Now that she's a sailor at heart, there are some other tactics that may help your case. Assure her that you will share the duties onboard. Maybe even start doing your share of chores while you're still on land, to prove your point. You may think that anyone would want to be your galley slave. She may think differently. Discuss specifically how duties will be shared. Life on our boat is much like it was on land: Dave cooks, I do the dishes and (now that the kids are gone) we split pretty evenly the other duties, with a few exceptions. Dave performs all maintenance on our boats, but he's the yacht carpenter. I do the majority of the stowing of goods (and keeping track thereof) and the organization onboard, but then that has always been my forte. How you divide labor isn't as important as the fact that it IS divided as evenly as possible.
One habit of Dave's that has contributed to my continued enjoyment of the lifestyle is that he gives me options. I always have choices, leaving me with the (perhaps false) impression that I'm not being forced into anything; I am picking my poison. He offered the first major option that kept my sanity at least close at hand as we were preparing to make the initial move. "If we get out there and it sucks, we can always stop somewhere, get jobs again, sell the boat, buy a house and pretend this was just a vacation." Having that fall back plan helped me get through some of the more stressful times of our first few years.
You've taught your partner to love sailing, convinced her that living aboard a boat would be not too much work, and not only do-able but fun. Now your challenge is to find a boat she will agree to live on. Our daughter-in-law has agreed to entertain our youngest son's dream of sailing away. (Poor thing. Young love makes you do all sorts of stupid shit, doesn't it?) But she has made a request--which should be read as "demand" if this situation is to be successful. She wants a boat that has a bunk for their son with a door that they can close. Not a huge request, but one that shouldn't be taken lightly. Our grandson is a picky sleeper and a 1 year old who isn't getting enough sleep affects everyone's lives. I had a similar request all those years ago. Taking 5 of us on sailing trips on a 25-footer showed me things I would not be happy living with. I did not want a convertible table. I wanted a table that was always available for eating, working, rolling out pie crust, looking at charts, anything a large flat surface could be used for. I didn't want to have to give up my table every night for a kid to have a bunk.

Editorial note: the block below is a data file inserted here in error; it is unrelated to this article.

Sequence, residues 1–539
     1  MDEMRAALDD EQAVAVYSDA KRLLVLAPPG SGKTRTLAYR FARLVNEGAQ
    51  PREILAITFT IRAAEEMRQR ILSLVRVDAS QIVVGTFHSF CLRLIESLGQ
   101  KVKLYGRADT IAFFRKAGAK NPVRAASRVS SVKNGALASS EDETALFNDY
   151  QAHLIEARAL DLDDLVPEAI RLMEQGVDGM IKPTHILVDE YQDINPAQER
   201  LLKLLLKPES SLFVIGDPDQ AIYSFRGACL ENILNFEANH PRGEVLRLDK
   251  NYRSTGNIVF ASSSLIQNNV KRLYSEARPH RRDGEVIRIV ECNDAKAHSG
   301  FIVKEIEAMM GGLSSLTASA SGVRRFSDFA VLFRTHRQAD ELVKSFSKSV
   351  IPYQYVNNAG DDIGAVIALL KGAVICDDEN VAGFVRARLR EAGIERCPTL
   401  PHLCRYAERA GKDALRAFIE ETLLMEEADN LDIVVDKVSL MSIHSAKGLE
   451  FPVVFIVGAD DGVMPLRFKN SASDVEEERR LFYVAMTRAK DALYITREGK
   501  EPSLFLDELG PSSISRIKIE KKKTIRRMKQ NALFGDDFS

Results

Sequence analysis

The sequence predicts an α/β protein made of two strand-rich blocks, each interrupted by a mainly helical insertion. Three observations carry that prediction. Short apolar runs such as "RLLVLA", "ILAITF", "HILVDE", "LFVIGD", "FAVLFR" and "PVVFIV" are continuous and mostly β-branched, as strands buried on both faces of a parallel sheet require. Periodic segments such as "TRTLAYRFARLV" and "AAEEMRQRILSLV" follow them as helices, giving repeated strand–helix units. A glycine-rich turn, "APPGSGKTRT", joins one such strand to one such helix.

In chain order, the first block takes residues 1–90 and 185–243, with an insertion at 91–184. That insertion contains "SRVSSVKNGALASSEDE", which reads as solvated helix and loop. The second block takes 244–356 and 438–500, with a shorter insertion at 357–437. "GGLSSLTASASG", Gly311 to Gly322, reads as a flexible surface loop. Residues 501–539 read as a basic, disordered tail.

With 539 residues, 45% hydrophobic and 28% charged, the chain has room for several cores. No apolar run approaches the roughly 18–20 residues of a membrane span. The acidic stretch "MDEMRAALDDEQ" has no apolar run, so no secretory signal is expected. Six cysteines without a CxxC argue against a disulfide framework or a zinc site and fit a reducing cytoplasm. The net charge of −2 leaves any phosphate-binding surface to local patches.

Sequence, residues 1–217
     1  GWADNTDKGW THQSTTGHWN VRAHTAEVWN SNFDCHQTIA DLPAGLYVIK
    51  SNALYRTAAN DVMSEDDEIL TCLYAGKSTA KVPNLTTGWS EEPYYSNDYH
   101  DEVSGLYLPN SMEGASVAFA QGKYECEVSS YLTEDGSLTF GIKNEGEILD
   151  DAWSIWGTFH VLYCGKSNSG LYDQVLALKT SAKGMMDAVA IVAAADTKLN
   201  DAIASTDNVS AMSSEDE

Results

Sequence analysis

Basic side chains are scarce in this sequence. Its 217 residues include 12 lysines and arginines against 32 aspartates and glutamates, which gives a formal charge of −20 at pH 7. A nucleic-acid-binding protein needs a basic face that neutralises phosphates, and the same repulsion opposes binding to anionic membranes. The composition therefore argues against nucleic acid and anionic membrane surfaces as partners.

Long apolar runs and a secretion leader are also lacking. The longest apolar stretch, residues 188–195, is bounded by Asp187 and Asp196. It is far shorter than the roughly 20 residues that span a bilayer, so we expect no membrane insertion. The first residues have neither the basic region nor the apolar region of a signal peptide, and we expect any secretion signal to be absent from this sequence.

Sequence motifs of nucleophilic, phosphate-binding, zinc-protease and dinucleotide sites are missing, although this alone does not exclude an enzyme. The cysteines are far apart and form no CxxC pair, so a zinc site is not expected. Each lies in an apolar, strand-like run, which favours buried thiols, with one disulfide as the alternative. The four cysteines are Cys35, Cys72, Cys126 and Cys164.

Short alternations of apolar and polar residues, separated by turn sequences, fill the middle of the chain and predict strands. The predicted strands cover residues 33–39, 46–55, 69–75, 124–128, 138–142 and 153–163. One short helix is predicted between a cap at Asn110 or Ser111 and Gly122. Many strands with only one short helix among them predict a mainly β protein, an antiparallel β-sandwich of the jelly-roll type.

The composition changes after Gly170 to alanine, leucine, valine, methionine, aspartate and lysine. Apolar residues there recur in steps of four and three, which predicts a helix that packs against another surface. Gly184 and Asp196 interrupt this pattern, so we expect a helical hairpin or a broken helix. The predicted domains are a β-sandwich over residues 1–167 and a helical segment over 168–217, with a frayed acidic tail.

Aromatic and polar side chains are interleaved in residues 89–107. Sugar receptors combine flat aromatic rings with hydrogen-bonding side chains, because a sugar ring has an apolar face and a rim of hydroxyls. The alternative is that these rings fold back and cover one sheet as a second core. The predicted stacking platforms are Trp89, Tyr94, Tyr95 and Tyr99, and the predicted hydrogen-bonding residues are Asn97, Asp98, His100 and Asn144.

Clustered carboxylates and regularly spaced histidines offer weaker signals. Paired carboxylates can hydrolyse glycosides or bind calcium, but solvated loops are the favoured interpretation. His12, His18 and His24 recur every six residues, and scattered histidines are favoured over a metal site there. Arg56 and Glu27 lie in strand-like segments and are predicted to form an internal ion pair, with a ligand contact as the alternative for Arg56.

That request was easily met with Eurisko, but my more philosophical demand is ongoing. I refuse to feel like I'm camping out. If this is going to be my life, my home, I want to be comfortable. I can put up with a lot of inconvenience for a long time (I spent the last 5 months living in a van, for crying out loud) but I will not feel like I'm camping out in my own home. Of course, my definition of camping out has evolved over the last decade and I'm now perfectly happy with situations I never would have tolerated straight out of the box...er...house. But the request still stands.
So you've convinced your partner to sail away, you've found the perfect boat that makes you both happy, you sell all your extraneous stuff and move onboard. Now the trick is to keep from wanting to kill each other, not always as easy as you may think. MONDAY we'll continue our discussion of relationships onboard with advice and examples of how to keep a happy home, even when heeled to 20 degrees.
The timing of this post is no accident. Dave and I celebrate our 20th wedding anniversary this week, 12 of those years afloat.